6. How competent do you think Blender currently is as a VFX tool, and what’s your expectation for it in the future (Such as what features would you love to have added to Blender)?
I haven’t worked to much with the compositing side of Blender yet, so I will not comment on that.
As for the 3D part, it’s great! I love that all the shading is node based. And now even geometry nodes! There are a few smaller hick-ups that could be worked on, but nothing deal-breaking, except maybe light-linking (individual control over which lights affect which objects). That would be the biggest feature that is missing. But I’m not the first one to point this out. And as I hear it doesn’t seem that it will be implemented anytime soon.
7. Would you tell us more about the film “814?”?
814 (eightfourteen) is a 10-minute short film by my dear friend Victor van Wetten. In the opening shot, ominous lights move across the sky of a German city.
Down below in a bar, two friends discuss what objects they would take with them if they could time-travel into the year 814: A pistol or maybe medicine? Help or dominate those technologically less advanced?
Meanwhile, news on TV turn the bar silent in shock. But our two friends are too engaged in their discussion to notice. They ponder the moral implications of technical superiority, while a giant spaceship has been spotted, hovering silently above the Chinese sea.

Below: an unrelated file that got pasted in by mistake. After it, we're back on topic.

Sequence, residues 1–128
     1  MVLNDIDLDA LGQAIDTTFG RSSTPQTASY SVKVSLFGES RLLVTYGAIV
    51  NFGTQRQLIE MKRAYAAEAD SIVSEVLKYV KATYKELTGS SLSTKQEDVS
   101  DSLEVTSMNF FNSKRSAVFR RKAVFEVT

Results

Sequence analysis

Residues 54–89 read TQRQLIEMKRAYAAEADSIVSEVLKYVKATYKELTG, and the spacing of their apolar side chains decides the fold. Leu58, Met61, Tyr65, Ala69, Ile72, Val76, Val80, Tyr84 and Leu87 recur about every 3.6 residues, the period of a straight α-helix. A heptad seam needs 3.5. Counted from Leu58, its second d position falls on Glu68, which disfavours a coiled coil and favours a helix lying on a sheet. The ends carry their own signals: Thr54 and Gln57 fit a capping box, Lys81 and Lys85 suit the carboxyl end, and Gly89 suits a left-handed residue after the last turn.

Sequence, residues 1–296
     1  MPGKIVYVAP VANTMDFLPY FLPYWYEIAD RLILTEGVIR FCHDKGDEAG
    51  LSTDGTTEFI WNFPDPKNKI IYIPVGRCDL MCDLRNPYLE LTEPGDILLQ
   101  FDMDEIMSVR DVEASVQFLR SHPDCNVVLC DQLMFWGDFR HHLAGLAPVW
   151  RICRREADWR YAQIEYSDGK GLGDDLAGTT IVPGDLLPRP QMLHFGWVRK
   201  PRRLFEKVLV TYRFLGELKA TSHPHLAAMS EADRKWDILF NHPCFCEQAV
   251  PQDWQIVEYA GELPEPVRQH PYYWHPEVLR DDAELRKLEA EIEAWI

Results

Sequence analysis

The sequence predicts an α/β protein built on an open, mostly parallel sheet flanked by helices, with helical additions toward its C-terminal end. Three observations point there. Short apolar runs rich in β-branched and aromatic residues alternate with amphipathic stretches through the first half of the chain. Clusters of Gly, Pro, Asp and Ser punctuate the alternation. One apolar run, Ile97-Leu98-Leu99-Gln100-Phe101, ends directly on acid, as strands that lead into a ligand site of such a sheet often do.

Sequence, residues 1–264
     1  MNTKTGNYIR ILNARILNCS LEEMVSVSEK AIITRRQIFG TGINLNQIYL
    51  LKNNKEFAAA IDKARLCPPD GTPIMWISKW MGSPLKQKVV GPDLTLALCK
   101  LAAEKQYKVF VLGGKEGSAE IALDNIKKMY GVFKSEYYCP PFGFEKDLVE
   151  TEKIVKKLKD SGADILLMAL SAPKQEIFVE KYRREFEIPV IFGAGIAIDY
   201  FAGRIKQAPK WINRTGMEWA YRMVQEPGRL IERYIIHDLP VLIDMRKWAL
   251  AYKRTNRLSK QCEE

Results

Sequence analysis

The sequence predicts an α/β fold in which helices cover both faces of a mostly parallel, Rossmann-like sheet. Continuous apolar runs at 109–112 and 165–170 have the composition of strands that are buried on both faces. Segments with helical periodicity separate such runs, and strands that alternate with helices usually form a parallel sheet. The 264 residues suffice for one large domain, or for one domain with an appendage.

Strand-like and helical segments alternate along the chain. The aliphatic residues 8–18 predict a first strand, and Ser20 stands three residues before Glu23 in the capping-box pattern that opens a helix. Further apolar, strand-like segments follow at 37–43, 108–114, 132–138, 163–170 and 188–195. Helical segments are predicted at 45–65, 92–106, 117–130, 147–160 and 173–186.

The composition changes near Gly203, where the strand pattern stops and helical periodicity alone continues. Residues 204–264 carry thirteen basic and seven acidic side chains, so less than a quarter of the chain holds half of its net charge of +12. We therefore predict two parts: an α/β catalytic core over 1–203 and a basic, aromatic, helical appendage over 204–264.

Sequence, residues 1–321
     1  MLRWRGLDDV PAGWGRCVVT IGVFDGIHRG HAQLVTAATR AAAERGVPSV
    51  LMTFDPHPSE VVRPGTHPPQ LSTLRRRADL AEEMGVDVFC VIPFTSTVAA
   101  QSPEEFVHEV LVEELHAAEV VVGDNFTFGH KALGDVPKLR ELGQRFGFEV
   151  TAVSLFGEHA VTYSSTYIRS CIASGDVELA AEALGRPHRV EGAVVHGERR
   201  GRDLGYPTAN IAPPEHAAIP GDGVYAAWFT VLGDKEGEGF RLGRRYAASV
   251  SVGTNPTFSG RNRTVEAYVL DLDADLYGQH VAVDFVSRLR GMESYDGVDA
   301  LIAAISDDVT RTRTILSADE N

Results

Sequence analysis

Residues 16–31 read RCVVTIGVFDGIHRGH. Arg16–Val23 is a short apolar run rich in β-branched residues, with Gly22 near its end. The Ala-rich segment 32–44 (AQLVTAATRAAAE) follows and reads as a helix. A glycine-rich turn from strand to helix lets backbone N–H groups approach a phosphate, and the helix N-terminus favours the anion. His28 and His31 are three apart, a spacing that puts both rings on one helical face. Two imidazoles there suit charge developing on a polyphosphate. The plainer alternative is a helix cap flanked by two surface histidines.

I got to do all the interesting VFX/CG stuff like the stars in the beginning and the fighter jets in the end. Victor did all the uneventful keying and continuity-error fixes.
The animation of the UFO in 814 was a sort of “test-project” to get familiarized with Blender. Because right now I and the director of 814 are prepping for my next film.
8. What is your plan for the film “814?” When is it going to be released?
We’re trying the film festival route. The film was finalized by the end of January and we now hope it will get a festival release sometime this year. Depending on how well the film is received on festivals, it will take one or two years until it can be shown online.
Most festivals have a very strict online-availability policy. They say: If the film was available online as one point it has had it’s premiere in every country of the world. And most film festivals want to have at least a national premiere. So they won’t select your film if it was online. It’s sad because we would like to share the film – especially with an opportunity like this interview. But to get a foot in the door of the film-w****orld, the most logical route is the festival route.
What is your next project?
My next film will be a 25~ minute animation-film called “Backup”, to the greatest part realized in Blender. It is a film about love and heartbreak between two teenagers, eight minutes before humanity will be extinct:
Lena and David live in the dream-machine, a neural network that stretches time. They are living in there, because there are only eight minutes left until earth – and humanity – gets wiped out by the sun’s collapse. But in the dream-machine those eight minutes get stretched into 12000 years.
One day Davids consciousness gets destroyed in an accident, and Lena has to start his backup. But the file structure of his backup has been corrupted and Lena has to lead him through their shared, long and complicated history to recover his consciousness.
It’s the first project that we got real funding for, so we can work on it full-time and I’m very excited! Right now we are in the concept/design phase. We are experimenting with character- and environment designs (like the environment below, that was realized mainly through projection-mapping in blender). We hope we will be done by November.
Wow, that sounds great. Thank you for sharing your story, Gerrit.